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Performance on the star excursion balance test predicts functional turnout angle in pre-pubescent female dancers.

Dance participation continues to be a popular activity among female pre-pubescent children, although young dancers are injured at a high rate. In fact, one out of ten girls will experience an injury by age 8, and one out of three by age 15. (1) It has been speculated that up to 50% of all dancers who start training before 9 years of age will sustain at least one injury by age 16. (1) Other studies have reported that 32% to 77% of adolescent dancers were injured in the course of one year. (2,3) The most common injury among young dancers is tendinitis of the foot and ankle. (1) Most of these injuries can be attributed to biomechanical imbalance caused by flaws in technique. (4) Clearly, dancers who do not have a strong technical foundation in their genre of dance are susceptible to injury.

Turnout is one of the most important cornerstones of ballet technique and is the basis for many other dance movements. Turnout is a movement pattern that is constrained by bony anatomy, ligamentous and capsular flexibility, and muscular strength and control. (5) There is no universally accepted operational definition of turnout. (6) However, many dance instructors and researchers describe an "ideal turnout" posture as one in which both of the lower limbs externally rotate 90[degrees], so that the feet form an angle of 180[degrees]. (4,7-9) Others describe this as an unrealistic expectation. Howse and McCormack, (5) for example, suggest that at this angle the feet are in an overly turned out position that is physically impossible to control; they propose a turnout angle of 140[degrees] as a position that allows for appropriate control in a strong and flexible hip. It is generally understood that turnout should originate primarily from the hip, but if the dancer does not have adequate range of motion at the hip, he or she may compensate at other links along the kinetic chain to produce the desired foot position. Such deficits in turnout angle and the incorrect movement patterns they produce have the potential to increase risk for injury. (4,5)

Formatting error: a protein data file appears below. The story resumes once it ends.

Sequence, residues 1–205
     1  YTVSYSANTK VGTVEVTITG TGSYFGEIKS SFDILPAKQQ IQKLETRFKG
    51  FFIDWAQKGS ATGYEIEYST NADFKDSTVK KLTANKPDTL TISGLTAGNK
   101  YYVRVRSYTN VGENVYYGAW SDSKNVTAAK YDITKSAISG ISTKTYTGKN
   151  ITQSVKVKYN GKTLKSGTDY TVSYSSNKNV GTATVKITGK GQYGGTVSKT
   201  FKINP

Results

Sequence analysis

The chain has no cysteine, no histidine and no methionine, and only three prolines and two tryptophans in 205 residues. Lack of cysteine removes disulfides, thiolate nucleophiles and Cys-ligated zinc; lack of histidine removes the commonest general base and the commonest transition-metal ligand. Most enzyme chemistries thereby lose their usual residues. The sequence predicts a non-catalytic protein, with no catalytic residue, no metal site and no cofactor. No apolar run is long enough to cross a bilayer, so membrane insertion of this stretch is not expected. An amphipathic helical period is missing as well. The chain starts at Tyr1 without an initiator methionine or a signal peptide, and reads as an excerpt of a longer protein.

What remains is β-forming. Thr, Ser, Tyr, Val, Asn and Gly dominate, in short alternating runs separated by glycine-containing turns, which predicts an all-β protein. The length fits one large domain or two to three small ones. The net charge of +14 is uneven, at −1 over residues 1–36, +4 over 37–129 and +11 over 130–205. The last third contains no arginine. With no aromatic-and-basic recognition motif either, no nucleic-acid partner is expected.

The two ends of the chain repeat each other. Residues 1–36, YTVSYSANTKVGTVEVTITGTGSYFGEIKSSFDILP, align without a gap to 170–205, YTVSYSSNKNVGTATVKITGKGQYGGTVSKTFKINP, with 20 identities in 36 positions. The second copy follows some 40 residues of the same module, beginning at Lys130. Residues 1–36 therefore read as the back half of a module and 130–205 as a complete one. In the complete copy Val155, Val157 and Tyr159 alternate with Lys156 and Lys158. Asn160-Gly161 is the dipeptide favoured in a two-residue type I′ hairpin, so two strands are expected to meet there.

There is no standardized method for measuring turnout in dancers, and controversy within the dance medicine and science community has resulted in variability among research methodologies. (6) Turnout can be measured in a standing position using the functional turnout angle (FTA), as described by Negus. (9) This has been found to be a reliable method of measurement in an 18-to 22-year-old age cohort.

Screening tools are often used to identify athletes at risk for injury during sports participation. A variety of such tools are currently described in the literature. One example is the Star Excursion Balance Test SEBT). The SEBT measures dynamic standing balance under specific conditions and requires lower extremity coordination, flexibility, and strength. It has been used with dancers as a preliminary balance screen but has not been described as an injury screening tool. (10)